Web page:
A website pledging to make “men’s dreams come true” is using “state of the art” deepfake technology to “nudify” thousands of unsuspecting women, whose fully-clothed images are uploaded to the site then digitally disrobed without their consent.

The disturbingly convincing “deepfake” tool has gained immense in popularity since its launch last year, especially especially acclaimed in dark, misogynistic corners of the web. According to HuffPost, who first reported the story, the site has amassed over 38 million visitors since the start of 2021.

The service says it has the ability to “nudify”all female bodies, regardless of what they look like., though doesn’t work for cisgender men: All “nudified” images uploaded into the system are given breasts and a vulva. For cis-women, however, this presents an exceedingly dangerous dilemma, as the site supports the very real possibility of counterfeit revenge porn.

The site’s AI-generated nudes are eerily realistic, displaying no indications that they’ve been generated by AI. Therefore any angry ex-boyfriend, or stalker, or stranger in a bad mood, can very believably claim they have access to someone’s actual nude photos, so long as they have just one fully clothed photo of their intended victim, and, of course, access to the site.

“Holy mother [of] god,” one fan wrote of the “amazing” site in a deepfake porn forum. “Ive never seen [results like this] before ... the future is now.”

Deepfake porn primarily targets women and girls, and seeing as this site only works on cis-women, will perpetuate the harmful trend. Sensity AI, a research company that tracks deepfake content, found that 90 percent and 95 percent of deep fake videos online are nonconsensual porn. 90 percent of that is specifically nonconsensual porn of women.

“This is a violence-against-women issue,” Adam Dodge, founder of EndTAB, a nonprofit that raising awareness about technology-enabled abuse, told Technology Review. 

While the site claims not to save the “nudified” images, it does provide users with shareable links to every doctored photo. Thus, it’s no surprise that the so-called “unsaved” fake nudes have been shared to Twittrer, Facebook, Reddit and other platforms, both privately and publicly. These links also serve as ‘referrals’ for the original posters, earning them rewards for each new user who clicks them, like faster access to “nudity” more photos. (Customarily, users can only disrobe one photo for free every two hours.)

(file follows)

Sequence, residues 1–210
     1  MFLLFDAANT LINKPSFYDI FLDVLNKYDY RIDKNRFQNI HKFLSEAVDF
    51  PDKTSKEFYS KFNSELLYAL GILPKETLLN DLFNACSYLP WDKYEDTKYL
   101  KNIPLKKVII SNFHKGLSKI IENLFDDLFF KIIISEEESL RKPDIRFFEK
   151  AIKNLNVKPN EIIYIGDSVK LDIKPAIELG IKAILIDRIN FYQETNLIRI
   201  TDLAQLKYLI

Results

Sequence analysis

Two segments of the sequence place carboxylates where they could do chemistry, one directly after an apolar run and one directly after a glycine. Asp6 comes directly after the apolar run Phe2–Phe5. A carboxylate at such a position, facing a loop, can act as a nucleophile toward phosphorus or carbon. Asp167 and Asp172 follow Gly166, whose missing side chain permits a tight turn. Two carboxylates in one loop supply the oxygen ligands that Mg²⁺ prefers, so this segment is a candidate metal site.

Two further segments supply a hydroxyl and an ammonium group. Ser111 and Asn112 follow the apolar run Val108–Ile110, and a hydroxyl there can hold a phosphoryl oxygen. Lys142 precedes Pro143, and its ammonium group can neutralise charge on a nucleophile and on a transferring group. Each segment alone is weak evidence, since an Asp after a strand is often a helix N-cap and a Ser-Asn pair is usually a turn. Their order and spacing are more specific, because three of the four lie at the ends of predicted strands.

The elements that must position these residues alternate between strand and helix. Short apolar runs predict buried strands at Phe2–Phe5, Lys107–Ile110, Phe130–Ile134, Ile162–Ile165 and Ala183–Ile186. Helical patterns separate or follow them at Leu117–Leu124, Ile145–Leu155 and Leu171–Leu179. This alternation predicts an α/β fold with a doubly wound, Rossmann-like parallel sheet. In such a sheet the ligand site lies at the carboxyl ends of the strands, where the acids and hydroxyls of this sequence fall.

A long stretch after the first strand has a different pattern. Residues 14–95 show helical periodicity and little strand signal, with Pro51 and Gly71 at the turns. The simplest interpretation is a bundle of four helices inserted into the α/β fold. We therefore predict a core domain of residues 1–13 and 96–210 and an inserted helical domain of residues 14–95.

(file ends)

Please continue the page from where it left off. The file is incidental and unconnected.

As a result, Redditors have banded together to promote their own — and each other’s — referral links. “Help me and I’ll help you,” one Redditor wrote in a subreddit created for this very purpose.

“This is a really, really bleak situation,” Henry Ajder, a deepfake expert, told HuffPost. “The realism has improved massively,” he added, noting that deepfake technology is typically weaponized against everyday women, not just celebrities and influencers.”

“The vast majority of people using these [tools] want to target people they know,” he said.

What experts find most shocking is how social media seemingly turned a blind eye to the issue. “If they are a responsible platform and they care about this issue, they definitely should be taking that kind of action,” Mary Anne Franks, a law professor at the University of Miami and president of the Cyber Civil Rights Initiative, said via HuffPost.“It really is incumbent upon them to be proactively looking for threats like this before they become problems. It shouldn’t be individuals or reporters or anyone else pointing this out.”

But social media isn’t cracking down on the deepfakes, and legally, doesn’t necessarily have to. According to the controversial Section 230 of the Communications Decency Act, digital platforms aren’t responsible for user-generated content. But, as these services evolve — and social media continues to provide them with platforms, as there is no legal incentive to do otherwise — women and girls become increasingly less safe online.

“As these apps get more sophisticated, it will be impossible to tell the difference between something that’s manipulated to make you look naked and an actual naked picture,” Franks cautioned.

Apparently, as of right now, the website is well on its way to reaching its highest monthly traffic since its creation.

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